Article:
Wednesday, January 20, 2016

The Story of Layla and Majnun

The Story of Layla and Majnun, by Nizami


Layla and Majnun is one of the world's great love stories, akin to Romeo and Juliet or...Aeneas and Dido, maybe.  The story dates from around the 7th century AD, and various versions of it were floating around until Nizami, a Persian poet, collected and shaped the material into one long marrative poem in 1188.  After that, the story's popularity spread across a couple of continents and is still influential today.  The introduction in my copy speculates that the lovers may have been real people who became legendary.

Layla and Qays know each other from childhood; both are Bedouin, though belonging to different tribes.  They fall in love as children, but when they grow older and Layla's parents realize that she is already attracting boys, they keep her sequestered in the family tent.  Layla, imprisoned, must act as though all is well.  Qays, however, starts reciting poetry in public and acting like a madman, which earns him the nickname Majnun (madman).  Without his Layla, he cannot care for anything else.  Eventually he runs off into the wilderness, becoming a sort of hermit and forgetting to eat.  He cares only to compose poetry that he hopes the wind will carry to his love.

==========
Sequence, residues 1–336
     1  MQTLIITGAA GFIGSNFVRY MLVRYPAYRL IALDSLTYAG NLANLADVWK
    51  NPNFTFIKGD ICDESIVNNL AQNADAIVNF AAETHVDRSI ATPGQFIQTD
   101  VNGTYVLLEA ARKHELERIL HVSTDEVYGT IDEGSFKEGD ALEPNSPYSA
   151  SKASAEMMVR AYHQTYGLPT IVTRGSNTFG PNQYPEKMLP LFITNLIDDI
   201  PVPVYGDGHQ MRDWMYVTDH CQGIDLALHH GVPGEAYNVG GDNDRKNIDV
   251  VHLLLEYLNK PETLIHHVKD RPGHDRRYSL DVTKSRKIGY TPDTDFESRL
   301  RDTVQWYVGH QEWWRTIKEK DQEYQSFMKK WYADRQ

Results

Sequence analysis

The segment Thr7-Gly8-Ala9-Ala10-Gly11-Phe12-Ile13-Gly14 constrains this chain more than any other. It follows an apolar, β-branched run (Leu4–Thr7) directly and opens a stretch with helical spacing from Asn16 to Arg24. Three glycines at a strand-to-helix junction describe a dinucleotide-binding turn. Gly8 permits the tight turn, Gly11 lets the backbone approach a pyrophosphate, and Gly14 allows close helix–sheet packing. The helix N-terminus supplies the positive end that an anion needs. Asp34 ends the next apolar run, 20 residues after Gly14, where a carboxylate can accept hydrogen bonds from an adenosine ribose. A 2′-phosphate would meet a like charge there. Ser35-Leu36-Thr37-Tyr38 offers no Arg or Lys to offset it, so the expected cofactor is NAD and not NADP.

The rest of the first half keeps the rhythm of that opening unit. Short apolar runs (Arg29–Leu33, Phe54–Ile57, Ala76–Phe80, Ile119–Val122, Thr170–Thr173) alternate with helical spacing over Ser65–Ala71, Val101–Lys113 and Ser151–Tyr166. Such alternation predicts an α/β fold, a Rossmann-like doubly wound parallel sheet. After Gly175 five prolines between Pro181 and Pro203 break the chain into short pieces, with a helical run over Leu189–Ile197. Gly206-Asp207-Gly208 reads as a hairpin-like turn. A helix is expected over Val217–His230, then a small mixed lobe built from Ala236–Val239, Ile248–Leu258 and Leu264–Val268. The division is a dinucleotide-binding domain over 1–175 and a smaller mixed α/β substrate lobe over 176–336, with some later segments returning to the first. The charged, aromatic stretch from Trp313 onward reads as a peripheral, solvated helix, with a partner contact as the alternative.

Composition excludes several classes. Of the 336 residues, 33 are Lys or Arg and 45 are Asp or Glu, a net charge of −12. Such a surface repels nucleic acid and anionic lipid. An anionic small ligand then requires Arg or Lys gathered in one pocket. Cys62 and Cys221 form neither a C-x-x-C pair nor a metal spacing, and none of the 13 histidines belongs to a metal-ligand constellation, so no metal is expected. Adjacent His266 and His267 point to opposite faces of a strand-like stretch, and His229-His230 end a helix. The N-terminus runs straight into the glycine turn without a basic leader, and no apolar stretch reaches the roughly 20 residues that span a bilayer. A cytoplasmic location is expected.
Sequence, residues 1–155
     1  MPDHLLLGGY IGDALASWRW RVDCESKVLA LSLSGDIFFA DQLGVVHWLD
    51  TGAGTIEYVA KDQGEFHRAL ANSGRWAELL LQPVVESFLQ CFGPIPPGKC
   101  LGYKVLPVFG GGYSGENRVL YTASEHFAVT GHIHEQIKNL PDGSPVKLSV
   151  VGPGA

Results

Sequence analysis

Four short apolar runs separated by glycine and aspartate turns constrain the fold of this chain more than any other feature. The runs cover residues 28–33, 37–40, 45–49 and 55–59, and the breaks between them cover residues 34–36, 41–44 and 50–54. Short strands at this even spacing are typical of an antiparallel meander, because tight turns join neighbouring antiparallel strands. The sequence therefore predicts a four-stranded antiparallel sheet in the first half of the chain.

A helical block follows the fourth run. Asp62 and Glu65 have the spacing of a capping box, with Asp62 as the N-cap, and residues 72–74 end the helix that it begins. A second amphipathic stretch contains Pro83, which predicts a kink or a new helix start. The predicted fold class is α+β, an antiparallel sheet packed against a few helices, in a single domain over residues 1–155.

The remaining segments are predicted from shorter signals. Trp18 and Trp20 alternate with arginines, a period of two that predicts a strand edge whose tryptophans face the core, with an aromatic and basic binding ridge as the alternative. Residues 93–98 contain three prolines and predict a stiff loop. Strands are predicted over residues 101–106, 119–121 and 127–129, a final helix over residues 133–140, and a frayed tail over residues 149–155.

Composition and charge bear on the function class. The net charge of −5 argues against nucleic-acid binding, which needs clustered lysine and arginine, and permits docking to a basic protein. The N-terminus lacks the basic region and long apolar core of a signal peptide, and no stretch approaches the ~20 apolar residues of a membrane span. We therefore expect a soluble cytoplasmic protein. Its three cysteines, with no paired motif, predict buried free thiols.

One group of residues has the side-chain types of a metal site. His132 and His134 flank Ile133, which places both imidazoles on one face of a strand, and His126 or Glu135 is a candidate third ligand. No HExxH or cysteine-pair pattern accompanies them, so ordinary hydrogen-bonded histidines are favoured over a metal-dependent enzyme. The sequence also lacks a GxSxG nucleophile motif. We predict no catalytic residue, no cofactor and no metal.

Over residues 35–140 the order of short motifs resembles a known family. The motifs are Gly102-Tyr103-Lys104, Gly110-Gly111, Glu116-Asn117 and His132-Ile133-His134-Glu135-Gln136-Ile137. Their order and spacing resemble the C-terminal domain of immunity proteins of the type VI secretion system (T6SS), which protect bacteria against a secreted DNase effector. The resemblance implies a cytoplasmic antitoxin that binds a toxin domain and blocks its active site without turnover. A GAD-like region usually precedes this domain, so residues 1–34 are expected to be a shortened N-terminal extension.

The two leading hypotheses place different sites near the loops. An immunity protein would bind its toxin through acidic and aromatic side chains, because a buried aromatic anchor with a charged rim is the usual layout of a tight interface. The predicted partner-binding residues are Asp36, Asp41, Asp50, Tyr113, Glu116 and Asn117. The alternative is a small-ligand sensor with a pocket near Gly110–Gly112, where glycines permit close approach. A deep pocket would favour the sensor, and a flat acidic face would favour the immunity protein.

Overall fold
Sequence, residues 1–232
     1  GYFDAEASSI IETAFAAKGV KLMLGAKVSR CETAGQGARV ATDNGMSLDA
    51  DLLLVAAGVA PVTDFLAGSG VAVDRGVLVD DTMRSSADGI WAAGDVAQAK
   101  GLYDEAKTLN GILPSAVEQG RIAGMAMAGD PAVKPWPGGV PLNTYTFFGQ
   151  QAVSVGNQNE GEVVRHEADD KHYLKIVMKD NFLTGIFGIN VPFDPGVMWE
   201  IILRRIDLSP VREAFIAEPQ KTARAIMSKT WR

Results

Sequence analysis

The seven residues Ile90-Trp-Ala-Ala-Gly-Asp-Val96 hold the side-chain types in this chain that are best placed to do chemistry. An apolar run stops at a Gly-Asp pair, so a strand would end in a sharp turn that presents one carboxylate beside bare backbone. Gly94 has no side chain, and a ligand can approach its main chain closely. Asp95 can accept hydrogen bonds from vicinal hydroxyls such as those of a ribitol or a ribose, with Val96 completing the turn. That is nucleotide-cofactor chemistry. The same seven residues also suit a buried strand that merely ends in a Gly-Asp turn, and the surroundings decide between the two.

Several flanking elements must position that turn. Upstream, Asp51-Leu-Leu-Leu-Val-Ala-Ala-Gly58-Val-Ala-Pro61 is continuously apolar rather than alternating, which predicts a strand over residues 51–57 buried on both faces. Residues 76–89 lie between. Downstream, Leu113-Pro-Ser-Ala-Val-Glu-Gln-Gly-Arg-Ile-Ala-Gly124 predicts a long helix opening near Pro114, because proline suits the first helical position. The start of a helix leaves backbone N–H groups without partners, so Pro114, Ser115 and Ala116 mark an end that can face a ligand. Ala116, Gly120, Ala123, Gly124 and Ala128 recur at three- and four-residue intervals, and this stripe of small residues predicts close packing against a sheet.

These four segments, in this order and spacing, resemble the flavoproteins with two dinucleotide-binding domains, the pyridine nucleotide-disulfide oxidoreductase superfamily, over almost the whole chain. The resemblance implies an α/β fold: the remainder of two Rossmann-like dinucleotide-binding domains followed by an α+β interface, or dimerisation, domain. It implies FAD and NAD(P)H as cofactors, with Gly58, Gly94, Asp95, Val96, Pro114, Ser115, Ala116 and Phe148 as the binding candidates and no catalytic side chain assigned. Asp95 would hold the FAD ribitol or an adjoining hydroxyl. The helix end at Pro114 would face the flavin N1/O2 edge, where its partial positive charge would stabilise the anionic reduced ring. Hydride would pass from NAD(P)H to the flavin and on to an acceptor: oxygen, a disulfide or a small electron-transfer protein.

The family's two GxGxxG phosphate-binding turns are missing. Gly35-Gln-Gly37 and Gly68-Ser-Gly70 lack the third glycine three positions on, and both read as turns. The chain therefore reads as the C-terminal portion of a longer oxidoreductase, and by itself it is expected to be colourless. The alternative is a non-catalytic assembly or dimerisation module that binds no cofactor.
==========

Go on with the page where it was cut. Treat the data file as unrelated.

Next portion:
Majnun with his animals
This all kind of backfires on him, because his father goes to propose a marriage between the two lovers, and Layla's father refuses on the grounds that Majnun goes around acting crazy all the time.  If not for that, it would be fine.

So Layla gets married off to a very nice, very rich princely kind of guy, who then loves her so much that he puts up with her refusal of him.  Majnun goes back to hermiting and gathers wild animals around him, who are tamed by his gentleness and devotion to Love.   Then everybody dies.


I am clearly a grumpy old lady, because I have no patience for Majnun and his antics.  He and Layla could have been fine.  (I also have no patience for Catherine and Heathcliffe, so.)

The part I liked best was where they exchange a couple of letters, and Layla points out that Majnun is free to act however he wants, whereas she, as a woman, is confined to the role she must play.  He gets all the attention, and she mostly gets to suffer in silence.

I guess I'm not good at appreciating great romances.  But now I know the story.


1 comment:

Faith said...

I never could stand Cathy and Heathcliffe either. I had only very vaguely heard of this tale, so I greatly appreciate your review! Now I know more!